We have the most unfortunate political perspectives where corrupt elites convince the electorate, mostly men, that their fellow corrupt elites are not the solution. They have frequently been using this during their political rallies and affirming control and dominance politically in their communities.
That is the reason, it is possible to find different political outfits that care less about psychosocial, economic, and human dignity. It has been an abusive journey where politicians dismantle social integration and economic empowerment. These politicians disregard addressing collective trauma that affects the wholeness of humanity.
Why are men not questioning the contradictory political ideologies that strengthen social classes created by the corrupt elites to facilitate their political existence? We need to understand that the social soul has encountered political capture of arts, spirituality, and people’s power of speech.
This has diluted any form of rationality and social lenses that would enable people to question the current Kenyan concept of populism. As a result, most men are emasculated by the criminalization of unemployment, environmental degradation, illegalization of poverty, and non-human-centric policies that disempower and immobilize any sense of meaningful living.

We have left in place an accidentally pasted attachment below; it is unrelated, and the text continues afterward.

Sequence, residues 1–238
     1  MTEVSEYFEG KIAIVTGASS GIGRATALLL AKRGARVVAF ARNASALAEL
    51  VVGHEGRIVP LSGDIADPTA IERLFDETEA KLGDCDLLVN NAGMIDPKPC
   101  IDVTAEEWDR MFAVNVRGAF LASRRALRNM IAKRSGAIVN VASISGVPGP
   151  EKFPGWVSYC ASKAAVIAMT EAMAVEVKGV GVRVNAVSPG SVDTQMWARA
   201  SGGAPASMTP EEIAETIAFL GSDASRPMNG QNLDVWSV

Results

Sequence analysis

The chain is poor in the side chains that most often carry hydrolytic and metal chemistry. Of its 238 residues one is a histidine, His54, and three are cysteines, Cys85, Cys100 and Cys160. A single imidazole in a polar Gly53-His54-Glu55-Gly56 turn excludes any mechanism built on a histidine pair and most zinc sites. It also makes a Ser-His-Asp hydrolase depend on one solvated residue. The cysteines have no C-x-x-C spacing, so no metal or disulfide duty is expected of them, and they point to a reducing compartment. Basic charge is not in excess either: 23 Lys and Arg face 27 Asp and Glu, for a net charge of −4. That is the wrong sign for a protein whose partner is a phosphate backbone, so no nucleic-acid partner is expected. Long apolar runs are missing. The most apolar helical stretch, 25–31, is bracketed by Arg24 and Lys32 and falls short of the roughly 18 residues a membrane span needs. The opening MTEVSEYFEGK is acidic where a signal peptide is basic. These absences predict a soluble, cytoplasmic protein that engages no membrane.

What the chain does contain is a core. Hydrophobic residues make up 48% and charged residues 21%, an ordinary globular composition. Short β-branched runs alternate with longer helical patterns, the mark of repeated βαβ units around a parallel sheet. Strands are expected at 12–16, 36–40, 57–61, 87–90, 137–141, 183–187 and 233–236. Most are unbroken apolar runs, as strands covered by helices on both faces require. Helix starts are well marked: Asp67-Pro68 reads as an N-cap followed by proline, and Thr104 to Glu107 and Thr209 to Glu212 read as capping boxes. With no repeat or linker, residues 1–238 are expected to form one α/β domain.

When men find that they are no longer fulfilling their roles in society, the easiest path to take is delegating their role to a dominant male. The dominant male rides on the stereotypical notion of masculinity embodied by presenting aggressive, corrupt, and abusive politicians as the definition of success.
This is the standard by which we judge who is fit for office as we abandon the sense of dignity and humanity which is the core of masculinity. The masculine soul should remember that, if you think you have a politician eating out of your hands, it is a good idea to count your fingers and when the politician’s leg is on your throat, it doesn’t matter whether it is right or left.